The Governor explained that, the Bill will strengthen internally generated revenue, accountability and transparency in addition to creating one common basket for tax collections thereby blocking sharp practices in the policy.

He said the state government will come up with a process of legal and legislative reform to promote good governance, IGR collections and ease of doing business.

” I am highly delighted to once again assent to an executive bill recently sent to the State House of Assembly for passage to harmonise our tax system.

“Our process of tax and levies are updated which created opportunity for corruption and mismanagement of resources with no economic value attached over the years.”

“We will leverage under this law to deploy technology and other best practice to ensure our revenue is in compliance with modern tools and world Bank standards to reduce over dependence on federation account.”

Governor Bala Mohammed said with the singing of the bill, his administration will improve on revenue generation for execution of meaningful projects beneficial to the citizens of the state.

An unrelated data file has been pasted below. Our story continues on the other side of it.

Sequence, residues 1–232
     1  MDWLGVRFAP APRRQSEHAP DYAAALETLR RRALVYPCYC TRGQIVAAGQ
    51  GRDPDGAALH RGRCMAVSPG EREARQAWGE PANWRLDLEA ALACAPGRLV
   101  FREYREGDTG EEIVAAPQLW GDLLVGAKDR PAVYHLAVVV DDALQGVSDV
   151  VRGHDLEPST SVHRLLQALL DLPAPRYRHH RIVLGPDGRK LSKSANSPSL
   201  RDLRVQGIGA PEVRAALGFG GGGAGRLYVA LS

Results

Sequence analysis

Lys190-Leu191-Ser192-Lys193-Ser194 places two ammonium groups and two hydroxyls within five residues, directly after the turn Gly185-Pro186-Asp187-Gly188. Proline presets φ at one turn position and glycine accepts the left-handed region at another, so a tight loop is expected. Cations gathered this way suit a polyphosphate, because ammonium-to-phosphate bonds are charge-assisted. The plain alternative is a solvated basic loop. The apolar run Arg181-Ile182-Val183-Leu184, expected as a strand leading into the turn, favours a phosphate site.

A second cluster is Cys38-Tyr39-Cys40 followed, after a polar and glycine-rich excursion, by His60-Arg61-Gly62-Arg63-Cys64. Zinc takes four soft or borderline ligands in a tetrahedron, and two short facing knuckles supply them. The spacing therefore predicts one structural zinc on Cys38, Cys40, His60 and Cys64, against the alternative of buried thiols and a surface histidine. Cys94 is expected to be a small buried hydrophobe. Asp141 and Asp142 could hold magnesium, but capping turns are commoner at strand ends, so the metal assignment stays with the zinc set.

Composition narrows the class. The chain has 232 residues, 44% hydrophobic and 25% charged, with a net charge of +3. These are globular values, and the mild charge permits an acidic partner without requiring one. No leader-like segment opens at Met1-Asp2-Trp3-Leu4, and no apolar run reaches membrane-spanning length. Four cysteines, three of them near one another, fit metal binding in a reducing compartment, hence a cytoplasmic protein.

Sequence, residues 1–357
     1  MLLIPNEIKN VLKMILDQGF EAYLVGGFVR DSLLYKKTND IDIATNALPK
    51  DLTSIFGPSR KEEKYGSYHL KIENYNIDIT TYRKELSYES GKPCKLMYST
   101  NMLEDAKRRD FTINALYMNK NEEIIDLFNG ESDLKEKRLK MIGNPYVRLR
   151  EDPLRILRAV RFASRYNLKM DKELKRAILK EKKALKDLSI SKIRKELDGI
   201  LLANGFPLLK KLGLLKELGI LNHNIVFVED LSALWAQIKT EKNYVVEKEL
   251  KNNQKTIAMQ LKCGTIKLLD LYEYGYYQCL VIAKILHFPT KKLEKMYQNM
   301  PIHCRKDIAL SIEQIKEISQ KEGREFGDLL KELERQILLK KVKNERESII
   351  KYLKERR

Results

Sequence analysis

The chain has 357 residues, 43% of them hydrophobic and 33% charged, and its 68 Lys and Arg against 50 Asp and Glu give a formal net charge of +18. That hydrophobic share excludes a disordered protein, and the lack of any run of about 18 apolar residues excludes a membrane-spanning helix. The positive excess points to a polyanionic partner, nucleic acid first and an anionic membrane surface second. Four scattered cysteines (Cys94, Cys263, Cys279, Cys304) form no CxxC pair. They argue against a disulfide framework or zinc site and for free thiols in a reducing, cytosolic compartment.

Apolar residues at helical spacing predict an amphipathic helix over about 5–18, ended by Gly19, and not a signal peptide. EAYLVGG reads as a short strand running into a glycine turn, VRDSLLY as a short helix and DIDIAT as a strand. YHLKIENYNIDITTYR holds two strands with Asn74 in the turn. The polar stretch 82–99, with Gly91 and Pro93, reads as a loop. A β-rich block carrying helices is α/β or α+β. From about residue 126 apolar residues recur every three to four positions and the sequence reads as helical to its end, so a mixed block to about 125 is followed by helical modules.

” The Executive and Legislature in Bauchi state are connected to make sure they provide development to various communities in the state, and I thanks our lawmakers for their synergy with us.”

Earlier, the Speaker of the Assembly, Rt. Hon. Abubakar Y Suleiman said the house has deliberated before the passage of the bill.

The speaker applauded the state government for its partnership with the lawmakers aimed at improving the living standards of the citizenry.

” Your Excellency, we are here today to present you the bill you sent to us, the Honorable House has deliberated on the bill and is ready for assent.

” We commend His Excellency for the cooperation and support to the assembly in performing its constitutional duties, we will always support you as far as you are in right track.” He concluded.

Bill to establish Plateau corporate social responsibility commission Scaled 2nd reading

The Bill to establish Plateau Corporate Social Responsibility Commission (CSRC), sponsored by the Honourable Member Representing Dengi Constituency who doubles as the Deputy Speaker Plateau State House of Assembly, Rt Hon Saleh Shehu Yipmong, passed Second Reading. The Bill is co-sponsored by; Hon. Yahaya Mavo from Wase and Hon. Peter Gyendeng from Barkin Ladi.